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It's baaaack Ebola - American Doctor in Nebraska

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posted on Dec, 29 2018 @ 10:10 PM
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a reply to: JBIZZ

Influenza is not a cold. And there are vaccines for it, but no cure.

edit on 12/29/2018 by Phage because: (no reason given)




posted on Dec, 29 2018 @ 10:20 PM
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Seems to me like one would be wise to consider more than the odds of a negative outcome in a situation like this. What do the potential negative outcomes look like; how severe is the cost if something goes wrong?


If I get a chance to invest $1000 dollars in something that has a 84% chance of returning 10 Million in a few seconds; and there's only a 16% chance that I'll completely loose the initial $1000, I'll go for it every time. Great odds and all you know.

But turn that into a game of Russian Roulette where I get 10 Million if the hammer falls on an empty cylinder, the odds haven't change, but I'd pass every time given the catostrophic cost of failure.

I don't really see why it's different with Ebola, failure could be horrific and catastrophic, so better to error on the side of caution, what's the wording, " an super abundance of caution", yes that's it, that's what I'd like to see.

And I guess I don't see what benefit we derive from not treating these cases where they originate, or of quarrantining people offshore if there was a risk of exposure. Maybe someone can enlighten me on that account.



posted on Dec, 29 2018 @ 10:21 PM
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a reply to: imwilliam

The risk of infection is not as high as you seem to think.

edit on 12/29/2018 by Phage because: (no reason given)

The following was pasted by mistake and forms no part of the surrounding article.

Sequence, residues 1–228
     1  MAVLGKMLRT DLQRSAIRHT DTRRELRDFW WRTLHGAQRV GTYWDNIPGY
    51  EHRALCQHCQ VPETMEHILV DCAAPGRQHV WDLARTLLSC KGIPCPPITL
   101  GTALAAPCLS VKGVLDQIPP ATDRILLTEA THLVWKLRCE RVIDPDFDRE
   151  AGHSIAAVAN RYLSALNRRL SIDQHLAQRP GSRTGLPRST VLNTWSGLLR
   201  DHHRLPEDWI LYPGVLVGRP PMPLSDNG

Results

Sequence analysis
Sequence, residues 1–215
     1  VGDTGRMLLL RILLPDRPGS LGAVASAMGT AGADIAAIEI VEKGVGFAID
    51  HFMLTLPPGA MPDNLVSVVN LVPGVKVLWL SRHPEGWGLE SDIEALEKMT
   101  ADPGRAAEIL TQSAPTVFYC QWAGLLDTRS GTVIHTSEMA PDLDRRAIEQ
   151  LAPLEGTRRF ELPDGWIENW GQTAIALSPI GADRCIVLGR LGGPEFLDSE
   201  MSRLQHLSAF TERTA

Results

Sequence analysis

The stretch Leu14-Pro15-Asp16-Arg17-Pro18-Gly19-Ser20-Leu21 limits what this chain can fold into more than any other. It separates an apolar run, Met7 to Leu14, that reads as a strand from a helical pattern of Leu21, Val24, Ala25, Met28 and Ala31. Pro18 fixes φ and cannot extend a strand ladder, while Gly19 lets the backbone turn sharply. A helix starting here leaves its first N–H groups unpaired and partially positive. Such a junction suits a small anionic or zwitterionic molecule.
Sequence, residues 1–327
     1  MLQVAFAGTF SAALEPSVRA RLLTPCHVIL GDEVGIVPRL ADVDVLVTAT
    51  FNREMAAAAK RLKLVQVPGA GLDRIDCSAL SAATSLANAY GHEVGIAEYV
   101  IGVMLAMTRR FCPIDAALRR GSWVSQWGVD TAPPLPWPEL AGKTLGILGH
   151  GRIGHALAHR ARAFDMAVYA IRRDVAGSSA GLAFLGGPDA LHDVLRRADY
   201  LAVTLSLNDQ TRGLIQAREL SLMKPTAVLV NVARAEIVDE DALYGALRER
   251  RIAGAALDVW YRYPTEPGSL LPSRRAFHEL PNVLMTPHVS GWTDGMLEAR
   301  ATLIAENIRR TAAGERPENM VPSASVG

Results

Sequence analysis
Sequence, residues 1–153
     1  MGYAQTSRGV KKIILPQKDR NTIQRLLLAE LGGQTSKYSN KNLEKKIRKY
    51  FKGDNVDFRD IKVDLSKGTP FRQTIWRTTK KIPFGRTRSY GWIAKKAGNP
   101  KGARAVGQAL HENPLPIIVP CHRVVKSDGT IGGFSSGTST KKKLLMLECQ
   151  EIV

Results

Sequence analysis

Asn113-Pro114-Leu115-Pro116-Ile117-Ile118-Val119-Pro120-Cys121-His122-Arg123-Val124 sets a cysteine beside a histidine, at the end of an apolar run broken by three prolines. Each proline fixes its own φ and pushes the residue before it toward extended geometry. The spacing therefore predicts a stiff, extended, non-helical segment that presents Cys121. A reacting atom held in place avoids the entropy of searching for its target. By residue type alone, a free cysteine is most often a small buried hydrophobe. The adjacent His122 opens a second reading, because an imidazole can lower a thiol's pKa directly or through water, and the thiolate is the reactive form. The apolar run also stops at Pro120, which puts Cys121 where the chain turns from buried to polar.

posted on Dec, 29 2018 @ 10:25 PM
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a reply to: Phage

Again, sorry for my ignorance. Both cold and influenza are upper respiratory infections caused by a virus. A cold is just less severe & probably does not result in death. Just replace where I said cold with influenza in my previous posts and the point I was trying to make is still valid. Influenza is far more worrisome than Ebola.



posted on Dec, 29 2018 @ 10:32 PM
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a reply to: Phage




The risk of infection is not as high as you seem to think.


I haven't quantified the risk of infection, so I'm not sure how you've arrived at that. I've just given a scenario where arriving at the right decision is based on more than the odds of a negative outcome.

How would you quanitify the risk? Unless you're saying that there's absolutely no risk, shouldn't the severity of potential negative outcomes play some role in the decision making process?

What about the benefits?



posted on Dec, 29 2018 @ 10:46 PM
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a reply to: imwilliam

Keep a US citizen out of the country just because she may have been exposed? Someone who is asymptomatic? Very low risk, if any.

What benefit?

Maybe you should review some of the ignorance and fear from 2014.

edit on 12/29/2018 by Phage because: (no reason given)



posted on Dec, 29 2018 @ 10:50 PM
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a reply to: Phage

It would be wise to remember who ran America in 2014.



posted on Dec, 29 2018 @ 11:05 PM
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a reply to: Phage



Keep a US citizen out of the country just because she was exposed to someone who was asymptomatic at the time? Very low risk, if any.


Absolutely, if there's any risk. My point is that It's not solely about how low the odds are of a negative outcome, it's also about the severity of potential negative outcomes balanced against the benefits gained by taking the risk.



What benefit?


You tell me. From my first post in this thread:


And I guess I don't see what benefit we derive from not treating these cases where they originate, or of quarantining people offshore if there was a risk of exposure. Maybe someone can enlighten me on that account.




Maybe you should review some of the ignorance and fear from 2014.



Why?



posted on Dec, 29 2018 @ 11:06 PM
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originally posted by: KingJames